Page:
Few experiences deliver a sense of powerlessness quite like a flood. The devastating deluge that Hurricane Harvey brought to Houston and other parts of south Texas has left tens of thousands homeless and as many residences and buildings uninhabitable. Meanwhile, before Texans have even come to terms with the extent of the damage, Hurricane Irma has wrought havoc in the Caribbean and Florida, devastating entire communities and countries.

Although the vicissitudes of climate are partly to blame for any meteorological calamity, poor design plays a significant role. The Bloomberg BusinessWeek article “Harvey Wasn't Just Bad Weather. It Was Bad City Planning” outlines the oversights in urban design and planning policy that exacerbated that hurricane’s effects, including excessive paving, diminished areas of coastal prairie, and “one of the nation’s most relaxed approaches to building codes, inspections, and other protections.” Additionally, climate change—which scientists argue was responsible for the severity and duration of the storm—is itself a problem of our making.

Reports that flooding will continue to become more frequent and costly around the world should elicit concern in the design and planning community. Not only is the climate more volatile, but land shortages continue to encourage the construction of buildings in flood-prone areas. Houston’s Harris County alone permitted more than 8,600 structures to be built in 100-year floodplains—land where floods have a 1-percent probability of occurring in any year. Though architects may have little control over such development trends, innovative examples of resilient construction reveal strategies that designers can pursue to increase the protection of buildings against flooding.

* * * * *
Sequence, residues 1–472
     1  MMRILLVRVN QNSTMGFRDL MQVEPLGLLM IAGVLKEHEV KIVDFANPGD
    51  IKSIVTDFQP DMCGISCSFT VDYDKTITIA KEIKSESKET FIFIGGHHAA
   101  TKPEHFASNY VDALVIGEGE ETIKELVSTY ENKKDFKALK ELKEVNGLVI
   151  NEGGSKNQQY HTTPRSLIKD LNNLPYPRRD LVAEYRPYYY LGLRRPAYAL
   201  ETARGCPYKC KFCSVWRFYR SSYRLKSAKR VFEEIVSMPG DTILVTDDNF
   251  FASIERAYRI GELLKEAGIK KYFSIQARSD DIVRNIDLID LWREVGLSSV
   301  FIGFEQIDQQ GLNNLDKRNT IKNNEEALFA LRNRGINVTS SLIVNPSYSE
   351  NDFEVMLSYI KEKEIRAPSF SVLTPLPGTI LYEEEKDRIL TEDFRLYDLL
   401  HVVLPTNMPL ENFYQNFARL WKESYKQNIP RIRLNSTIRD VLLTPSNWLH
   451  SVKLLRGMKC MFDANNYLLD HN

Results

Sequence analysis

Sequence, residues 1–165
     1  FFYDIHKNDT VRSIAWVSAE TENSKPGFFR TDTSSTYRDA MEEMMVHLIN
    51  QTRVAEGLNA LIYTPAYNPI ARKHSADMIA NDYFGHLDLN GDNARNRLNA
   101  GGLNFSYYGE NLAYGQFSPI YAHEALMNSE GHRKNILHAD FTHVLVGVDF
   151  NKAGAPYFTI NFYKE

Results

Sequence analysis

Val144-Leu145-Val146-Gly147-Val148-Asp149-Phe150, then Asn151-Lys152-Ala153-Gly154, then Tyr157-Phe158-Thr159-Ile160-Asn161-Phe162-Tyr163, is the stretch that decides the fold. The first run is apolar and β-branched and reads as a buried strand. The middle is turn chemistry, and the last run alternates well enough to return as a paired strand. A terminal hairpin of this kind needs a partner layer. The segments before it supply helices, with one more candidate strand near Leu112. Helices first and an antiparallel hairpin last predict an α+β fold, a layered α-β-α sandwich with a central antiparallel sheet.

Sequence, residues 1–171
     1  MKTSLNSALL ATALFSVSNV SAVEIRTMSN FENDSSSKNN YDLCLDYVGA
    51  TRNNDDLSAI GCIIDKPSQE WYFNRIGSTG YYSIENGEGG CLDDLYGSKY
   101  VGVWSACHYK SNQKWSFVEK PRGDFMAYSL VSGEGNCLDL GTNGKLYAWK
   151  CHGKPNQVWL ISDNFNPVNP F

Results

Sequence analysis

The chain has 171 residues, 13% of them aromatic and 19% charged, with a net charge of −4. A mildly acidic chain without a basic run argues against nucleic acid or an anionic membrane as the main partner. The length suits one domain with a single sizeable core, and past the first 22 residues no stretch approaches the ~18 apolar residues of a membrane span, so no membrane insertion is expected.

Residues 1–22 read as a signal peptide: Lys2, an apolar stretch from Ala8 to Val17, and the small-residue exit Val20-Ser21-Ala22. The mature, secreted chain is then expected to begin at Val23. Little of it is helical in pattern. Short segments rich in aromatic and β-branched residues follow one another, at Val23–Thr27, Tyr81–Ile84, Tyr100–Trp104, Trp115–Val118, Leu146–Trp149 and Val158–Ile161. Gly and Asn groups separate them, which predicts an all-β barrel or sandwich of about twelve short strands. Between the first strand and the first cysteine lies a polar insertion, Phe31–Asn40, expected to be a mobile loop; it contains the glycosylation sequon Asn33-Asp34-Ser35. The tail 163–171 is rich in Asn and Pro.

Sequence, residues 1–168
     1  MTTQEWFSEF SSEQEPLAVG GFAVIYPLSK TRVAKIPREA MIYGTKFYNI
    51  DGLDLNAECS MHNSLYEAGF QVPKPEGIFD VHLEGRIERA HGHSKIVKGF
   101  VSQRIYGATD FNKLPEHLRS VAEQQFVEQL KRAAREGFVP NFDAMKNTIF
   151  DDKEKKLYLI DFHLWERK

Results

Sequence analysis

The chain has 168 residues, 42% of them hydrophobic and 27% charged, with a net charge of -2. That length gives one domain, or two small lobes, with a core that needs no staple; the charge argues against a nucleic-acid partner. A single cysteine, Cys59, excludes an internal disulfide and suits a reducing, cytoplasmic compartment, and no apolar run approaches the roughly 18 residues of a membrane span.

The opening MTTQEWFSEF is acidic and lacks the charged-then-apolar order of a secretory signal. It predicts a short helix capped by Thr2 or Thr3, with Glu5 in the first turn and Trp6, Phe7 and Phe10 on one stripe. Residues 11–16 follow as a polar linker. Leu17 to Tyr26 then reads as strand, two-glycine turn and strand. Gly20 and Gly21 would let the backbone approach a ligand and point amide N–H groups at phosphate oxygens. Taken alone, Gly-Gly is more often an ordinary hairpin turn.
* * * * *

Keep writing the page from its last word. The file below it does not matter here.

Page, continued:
Many developed sites, particularly in urban areas, are designed like bathtubs: vast systems of impervious surfaces hold stormwater and channel it toward drain inlets. This arrangement works until a significant rainfall event occurs and overwhelms the system. Green roofs offer a viable strategy to delay stormwater runoff and encourage its gradual absorption into the earth below the site. Increasingly, green walls are being employed for a similar purpose. For example, a living wall designed by the Green Infrastructure Consultancy covers 3,767 square feet of the façade of the Rubens hotel in London. Not only does the wall provide occupant advantages, such as improved insulation and air quality, but it also acts as a giant sponge that moderates the passage of stormwater from the building’s roof onto the paved streets below.

At ground level, many materials offer alternatives to continuous expanses of concrete and asphalt. Specially made porous concrete may be used where rigid surfaces are required, and systems like Ferrari BK’s Lunix interlocking blocks create a visually interesting mix of hard paving and natural ground cover. (For more information on pervious, porous, and permeable paving strategies, check out The Stormwater Report.)